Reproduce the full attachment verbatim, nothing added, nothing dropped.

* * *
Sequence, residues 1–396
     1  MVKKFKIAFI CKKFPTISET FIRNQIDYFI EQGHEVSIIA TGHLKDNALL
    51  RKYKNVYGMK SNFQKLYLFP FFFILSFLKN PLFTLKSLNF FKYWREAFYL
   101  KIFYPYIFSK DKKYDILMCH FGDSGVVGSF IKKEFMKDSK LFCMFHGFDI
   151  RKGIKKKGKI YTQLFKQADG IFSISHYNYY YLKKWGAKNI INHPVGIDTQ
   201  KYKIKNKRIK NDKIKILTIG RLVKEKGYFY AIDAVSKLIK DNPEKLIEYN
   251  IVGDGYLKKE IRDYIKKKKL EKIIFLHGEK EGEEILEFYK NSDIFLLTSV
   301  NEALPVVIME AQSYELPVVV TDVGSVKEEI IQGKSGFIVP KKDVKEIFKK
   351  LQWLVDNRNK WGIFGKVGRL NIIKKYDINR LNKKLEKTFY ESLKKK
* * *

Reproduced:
Sequence, residues 1–396
     1  MVKKFKIAFI CKKFPTISET FIRNQIDYFI EQGHEVSIIA TGHLKDNALL
    51  RKYKNVYGMK SNFQKLYLFP FFFILSFLKN PLFTLKSLNF FKYWREAFYL
   101  KIFYPYIFSK DKKYDILMCH FGDSGVVGSF IKKEFMKDSK LFCMFHGFDI
   151  RKGIKKKGKI YTQLFKQADG IFSISHYNYY YLKKWGAKNI INHPVGIDTQ
   201  KYKIKNKRIK NDKIKILTIG RLVKEKGYFY AIDAVSKLIK DNPEKLIEYN
   251  IVGDGYLKKE IRDYIKKKKL EKIIFLHGEK EGEEILEFYK NSDIFLLTSV
   301  NEALPVVIME AQSYELPVVV TDVGSVKEEI IQGKSGFIVP KKDVKEIFKK
   351  LQWLVDNRNK WGIFGKVGRL NIIKKYDINR LNKKLEKTFY ESLKKK